The Third International Conference on Tibetan Language is dedicated to the memory of three Tibetan Scholars who played a fundamental role in supporting the continuity of Tibetan culture.
Tseten Zhabdrung (1910-1985), or Yangden Rikpé Döjo, was born in the Yadzikar region. At the age of six, he was recognized as the reincarnation of the first Tseten Zhabdrung. He was ordained at seven and studied both religious and secular subjects with famous scholars, including Alak Jikmé Damchö Gyatso, and he too became famous. In the 1950s, the government of the People’s Republic of China invited him to work; he took this opportunity to teach Tibetan language and literature, as well as edit and publish Tibetan books. Through these works he provided a critical contribution to the continuation of Tibetan language and literature. He was imprisoned for nine years during the Cultural Revolution. In 1978, he was released and invited to Northwest University for Nationalities where, through teaching and writing, he played an important role in reviving Tibetan language and literature after the Cultural Revolution. His collected works were published in 13 volumes, including “The Teachings of Thönmi” ( ཐོན་མིའི་ཞལ་ལུང། ) and “The Speech of Thönmi” ( ཐོན་མིའི་བཞད་སྒྲ། ).
Muge Samten (1914-1993) was born in Sokporu Village in Ngawa (Aba). He was ordained at the age of eleven. He studied the five volumes of Buddhist scripture and the common subjects, first at Muge Monastery and then at Labrang Trashi Khyil Monastery. In 1950, following the advice of Gungthang Tenpé Wangchuk, he went to Beijing to work as a proofreader for the Mi dmangs brnyan par. During the 1950s, Muge Samten worked hard to preserve Tibetan language by means of editing Tibetan newspapers, compiling Tibetan textbooks, and selecting new terminology for Chinese and Tibetan dictionaries. He was subjected to numerous struggle sessions and sentenced to hard labor during the Cultural Revolution. In 1973, he was cleared and returned to work on Tibetan language. From 1978 on, he led Tibetan grammar training workshops, a critical step in reviving Tibetan language amongst the Tibetans of Sichuan. In 1978, he criticized “Rtsa ,dzin”, a government document that spelled out the policy of reforming Tibetan language. He also made great contributions to the teaching of traditional Tibetan grammar, poetics, astrology and Sanskrit transliteration.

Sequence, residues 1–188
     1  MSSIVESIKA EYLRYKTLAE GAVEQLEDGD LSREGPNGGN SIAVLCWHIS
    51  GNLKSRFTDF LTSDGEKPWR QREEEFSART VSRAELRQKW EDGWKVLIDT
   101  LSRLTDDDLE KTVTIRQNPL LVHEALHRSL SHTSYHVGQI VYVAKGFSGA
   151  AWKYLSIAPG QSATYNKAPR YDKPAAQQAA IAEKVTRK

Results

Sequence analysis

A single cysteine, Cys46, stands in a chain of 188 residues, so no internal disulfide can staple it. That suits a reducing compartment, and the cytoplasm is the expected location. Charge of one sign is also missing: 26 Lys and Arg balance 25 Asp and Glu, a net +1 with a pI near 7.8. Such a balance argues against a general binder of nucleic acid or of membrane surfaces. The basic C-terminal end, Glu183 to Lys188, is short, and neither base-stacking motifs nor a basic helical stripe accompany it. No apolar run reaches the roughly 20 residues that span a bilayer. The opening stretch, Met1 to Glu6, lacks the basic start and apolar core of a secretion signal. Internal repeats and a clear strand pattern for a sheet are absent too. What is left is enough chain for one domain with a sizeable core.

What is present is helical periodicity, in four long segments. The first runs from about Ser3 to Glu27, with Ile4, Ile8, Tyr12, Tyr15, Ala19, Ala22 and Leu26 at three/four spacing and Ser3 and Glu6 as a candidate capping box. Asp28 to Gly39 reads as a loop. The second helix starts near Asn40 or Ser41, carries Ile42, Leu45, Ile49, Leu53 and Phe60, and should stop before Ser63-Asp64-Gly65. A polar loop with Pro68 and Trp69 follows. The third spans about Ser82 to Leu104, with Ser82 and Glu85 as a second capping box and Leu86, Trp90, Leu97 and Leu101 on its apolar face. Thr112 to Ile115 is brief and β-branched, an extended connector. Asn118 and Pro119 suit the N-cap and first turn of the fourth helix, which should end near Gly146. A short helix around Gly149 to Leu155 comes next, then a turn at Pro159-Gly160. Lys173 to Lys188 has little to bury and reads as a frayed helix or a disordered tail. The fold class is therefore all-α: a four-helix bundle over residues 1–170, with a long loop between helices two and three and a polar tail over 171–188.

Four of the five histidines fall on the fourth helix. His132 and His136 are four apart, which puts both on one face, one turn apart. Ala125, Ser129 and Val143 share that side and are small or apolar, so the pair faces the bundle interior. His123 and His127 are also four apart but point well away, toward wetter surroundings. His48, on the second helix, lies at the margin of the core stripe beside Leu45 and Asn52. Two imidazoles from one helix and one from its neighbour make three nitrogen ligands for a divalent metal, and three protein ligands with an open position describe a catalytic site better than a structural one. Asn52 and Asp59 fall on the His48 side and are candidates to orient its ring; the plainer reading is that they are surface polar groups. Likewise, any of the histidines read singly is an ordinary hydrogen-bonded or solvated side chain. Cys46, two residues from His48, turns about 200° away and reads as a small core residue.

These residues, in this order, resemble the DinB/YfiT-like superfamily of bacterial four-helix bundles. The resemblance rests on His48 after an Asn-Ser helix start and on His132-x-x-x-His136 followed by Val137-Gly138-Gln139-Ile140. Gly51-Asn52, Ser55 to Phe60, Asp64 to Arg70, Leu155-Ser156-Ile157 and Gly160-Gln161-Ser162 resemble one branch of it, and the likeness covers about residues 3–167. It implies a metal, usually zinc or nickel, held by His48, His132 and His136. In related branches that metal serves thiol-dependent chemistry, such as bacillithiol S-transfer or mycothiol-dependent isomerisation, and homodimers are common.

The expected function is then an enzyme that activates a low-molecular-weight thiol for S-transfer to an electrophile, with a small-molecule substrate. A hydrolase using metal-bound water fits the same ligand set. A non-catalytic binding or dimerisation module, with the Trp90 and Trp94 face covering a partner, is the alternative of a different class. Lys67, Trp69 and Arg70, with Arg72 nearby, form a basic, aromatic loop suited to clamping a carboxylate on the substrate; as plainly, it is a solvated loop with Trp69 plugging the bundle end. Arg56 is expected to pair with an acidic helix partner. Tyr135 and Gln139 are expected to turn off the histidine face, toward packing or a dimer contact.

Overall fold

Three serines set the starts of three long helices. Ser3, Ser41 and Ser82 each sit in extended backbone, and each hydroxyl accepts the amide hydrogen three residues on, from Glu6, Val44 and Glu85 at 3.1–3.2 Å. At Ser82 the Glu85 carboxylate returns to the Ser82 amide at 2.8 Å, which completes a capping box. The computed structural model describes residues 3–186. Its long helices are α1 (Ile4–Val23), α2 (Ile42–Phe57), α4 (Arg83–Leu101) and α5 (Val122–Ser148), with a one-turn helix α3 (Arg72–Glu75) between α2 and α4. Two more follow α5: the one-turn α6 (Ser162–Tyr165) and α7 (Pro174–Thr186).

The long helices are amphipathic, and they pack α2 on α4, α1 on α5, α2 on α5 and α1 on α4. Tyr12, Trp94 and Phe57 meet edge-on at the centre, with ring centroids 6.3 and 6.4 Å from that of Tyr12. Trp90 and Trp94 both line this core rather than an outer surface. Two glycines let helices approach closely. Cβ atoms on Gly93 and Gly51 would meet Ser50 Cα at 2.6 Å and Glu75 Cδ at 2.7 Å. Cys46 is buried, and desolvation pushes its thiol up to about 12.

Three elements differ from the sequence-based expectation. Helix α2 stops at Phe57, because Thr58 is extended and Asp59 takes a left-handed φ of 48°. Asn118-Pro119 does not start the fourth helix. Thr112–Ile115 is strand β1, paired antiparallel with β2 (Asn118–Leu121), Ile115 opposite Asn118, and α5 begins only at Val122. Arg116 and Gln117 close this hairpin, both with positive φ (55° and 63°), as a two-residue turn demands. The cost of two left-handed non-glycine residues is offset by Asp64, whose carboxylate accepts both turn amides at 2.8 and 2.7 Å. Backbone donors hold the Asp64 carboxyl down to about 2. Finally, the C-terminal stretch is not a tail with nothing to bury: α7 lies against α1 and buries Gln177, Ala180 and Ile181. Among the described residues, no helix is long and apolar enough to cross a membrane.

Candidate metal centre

Dungkar Lozang Trinlé (1927-1997) was born in the Nyingtri area of Kongpo. At the age of five, the Thirteenth Dalai Lama recognized him as the reincarnation of the Seventh Dungkar and he was enthroned in Trashi Chöling. In 1947, at the age of 20, Dungkar Lozang Trinlé received the Lharampa Geshe degree. In 1951, he obtained the highest degree in tantric studies. After completing his degrees in religious studies, Dungkar Lobsang Trinlé studied secular subjects for five years. In 1960, the government invited him to Beijing to teach at Minzu University of China. During the Cultural Revolution, he was sentenced to ten years of hard labor. In 1978, he was rehabilitated and invited to return to teach at Minzu University of China. Through teaching and writing, he contributed greatly to reviving Tibetan language and literature. His works comprise seven volumes, including the Dungkar Dictionary.